Event ideas for WEAAD

Anyone can host an event or help raise awareness for WEAAD. In particular, we encourage councils and seniors groups to jump on board and get together on the day, even if only for a cuppa and a conversation. It can be as simple as an afternoon tea or walking through your community wearing purple (although you’ll need to rug up because it is June!)

Seniors Rights Victoria is supporting a public awareness campaign throughout the community by way of its public talks and by inviting all Victorian public libraries to include complimentary purple bookmarks in books borrowed by their customers. Look out for these at a library near year throughout the month of June.

Other event or action ideas are listed on our WEAAD event ideas page. Last minute ideas include:

  • Hosting a morning or afternoon tea
  • Hosting an information table at your organisation
  • Create a public display board
  • Plan a tree
  • Yarn bomb a pole, bike racks or community seats in your local area – you can even pin information to the poles!
  • Submit a letter to the editor of your local media outlet or community newsletter
  • Utilising the hashtags #elderabuse #empowerolderpeople to promote key WEAAD messages:
  • Elder Abuse: Everyone’s Business
  • No excuse for elder abuse
  • We can stop elder abuse
  • read more

    Introducing our new community lawyer By Jessica Tighe

    Last January Seniors Rights Victoria provided a fine demonstration of their anti-ageist ethos by hiring a 25-year-old lawyer.  So with the shackles of private practice left safely behind me in Canberra, I returned to my hometown of Parkes, NSW, to load up a car and get the eight hour road-trip south underway – eager to meet this new challenge head on.

    Injustice of any kind rankles, but for me there is something particularly galling about attitudes that reduce diverse demographics to their vulnerabilities; something abhorrent in the sense of entitlement that leads to early inheritance syndrome, and the greed that overrides trust and family ties.

    The casework team at SRV sees the human face of this social problem up close and personal, every day. One thing I’ll say is that it’s rarely dull. On any given day at the Seniors Rights Victoria frontline you can find yourself at a nursing home or at the Magistrates Court; you could be breaking a client back into their home (with the help of a locksmith), or going to any lengths to keep a perpetrator out. We spend a lot of time on the phone with older people from diverse backgrounds, with a rich repository of stories and experiences to share. There has been POW survivors, eminent Order of Australia medallists, refugees from the Vietnam War and people who have simply worked steadily all their lives and were perhaps too-trusting a mother or father. They tell us their stories with a mix of resilience, humour, heartbreak, perspective and fiery determination.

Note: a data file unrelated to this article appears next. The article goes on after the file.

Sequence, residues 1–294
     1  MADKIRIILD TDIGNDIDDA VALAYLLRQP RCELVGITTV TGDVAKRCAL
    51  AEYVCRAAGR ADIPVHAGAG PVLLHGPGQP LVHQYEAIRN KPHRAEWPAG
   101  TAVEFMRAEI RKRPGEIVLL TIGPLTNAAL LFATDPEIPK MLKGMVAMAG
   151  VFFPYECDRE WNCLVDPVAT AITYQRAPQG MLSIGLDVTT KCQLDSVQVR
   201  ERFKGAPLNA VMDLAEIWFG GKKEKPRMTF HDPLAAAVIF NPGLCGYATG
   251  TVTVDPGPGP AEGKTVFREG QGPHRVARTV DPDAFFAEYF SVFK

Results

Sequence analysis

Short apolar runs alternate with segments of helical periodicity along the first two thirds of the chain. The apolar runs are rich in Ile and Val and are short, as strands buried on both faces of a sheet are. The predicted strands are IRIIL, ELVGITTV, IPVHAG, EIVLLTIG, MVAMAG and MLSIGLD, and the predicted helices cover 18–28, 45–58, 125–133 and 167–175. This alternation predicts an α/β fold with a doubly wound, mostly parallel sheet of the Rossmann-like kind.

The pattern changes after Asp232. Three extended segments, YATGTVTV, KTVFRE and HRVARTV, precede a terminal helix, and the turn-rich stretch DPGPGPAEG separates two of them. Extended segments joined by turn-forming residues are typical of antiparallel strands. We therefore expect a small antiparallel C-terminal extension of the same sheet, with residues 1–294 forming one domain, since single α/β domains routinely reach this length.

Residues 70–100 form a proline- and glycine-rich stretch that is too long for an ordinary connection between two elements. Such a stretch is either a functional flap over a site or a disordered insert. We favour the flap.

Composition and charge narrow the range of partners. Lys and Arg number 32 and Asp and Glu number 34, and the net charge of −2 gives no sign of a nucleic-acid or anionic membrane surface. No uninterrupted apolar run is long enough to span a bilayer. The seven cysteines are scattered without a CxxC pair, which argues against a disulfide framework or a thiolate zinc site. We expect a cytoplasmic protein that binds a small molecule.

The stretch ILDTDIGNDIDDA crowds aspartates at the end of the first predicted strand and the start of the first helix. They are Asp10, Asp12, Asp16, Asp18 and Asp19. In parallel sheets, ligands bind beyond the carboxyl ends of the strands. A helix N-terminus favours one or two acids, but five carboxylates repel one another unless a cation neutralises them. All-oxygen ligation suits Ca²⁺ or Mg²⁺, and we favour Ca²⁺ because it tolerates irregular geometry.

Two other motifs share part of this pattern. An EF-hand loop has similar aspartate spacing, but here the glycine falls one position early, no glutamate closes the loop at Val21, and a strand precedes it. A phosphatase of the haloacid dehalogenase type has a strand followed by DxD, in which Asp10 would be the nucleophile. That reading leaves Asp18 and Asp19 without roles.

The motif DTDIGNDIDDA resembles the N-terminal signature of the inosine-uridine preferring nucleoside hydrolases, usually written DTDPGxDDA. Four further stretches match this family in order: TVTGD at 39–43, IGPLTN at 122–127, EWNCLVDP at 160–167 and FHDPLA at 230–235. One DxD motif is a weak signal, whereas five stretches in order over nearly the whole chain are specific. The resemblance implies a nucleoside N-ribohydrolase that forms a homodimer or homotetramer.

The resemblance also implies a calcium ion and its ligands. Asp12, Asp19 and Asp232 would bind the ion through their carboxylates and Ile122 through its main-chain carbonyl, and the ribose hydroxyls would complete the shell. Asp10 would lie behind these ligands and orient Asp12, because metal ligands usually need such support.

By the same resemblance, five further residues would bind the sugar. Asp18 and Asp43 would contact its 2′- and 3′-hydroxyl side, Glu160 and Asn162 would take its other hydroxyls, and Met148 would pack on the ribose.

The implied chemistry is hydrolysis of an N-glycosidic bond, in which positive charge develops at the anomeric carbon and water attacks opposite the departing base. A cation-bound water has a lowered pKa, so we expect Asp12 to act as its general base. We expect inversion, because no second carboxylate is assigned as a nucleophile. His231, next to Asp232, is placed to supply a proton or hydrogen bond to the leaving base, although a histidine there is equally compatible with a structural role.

To my mind, there is nothing more motivating than working to redress a fundamental wrong against someone who wouldn’t have the means to pursue it otherwise. I don’t think I can ever go back to billing clients after this year, and I would really prefer not to have to give legal advice without the accompanying support of a social worker, like we do here at Seniors Rights Victoria. Lawyers and social workers together make a much more formidable team. Going forward, I just hope that the value of the service that Seniors Rights Victoria provides is met with the funding it needs. Because until that happy day when all our prevention measures and messaging take complete community hold, I can only see that we will need to keep expanding our specialist services.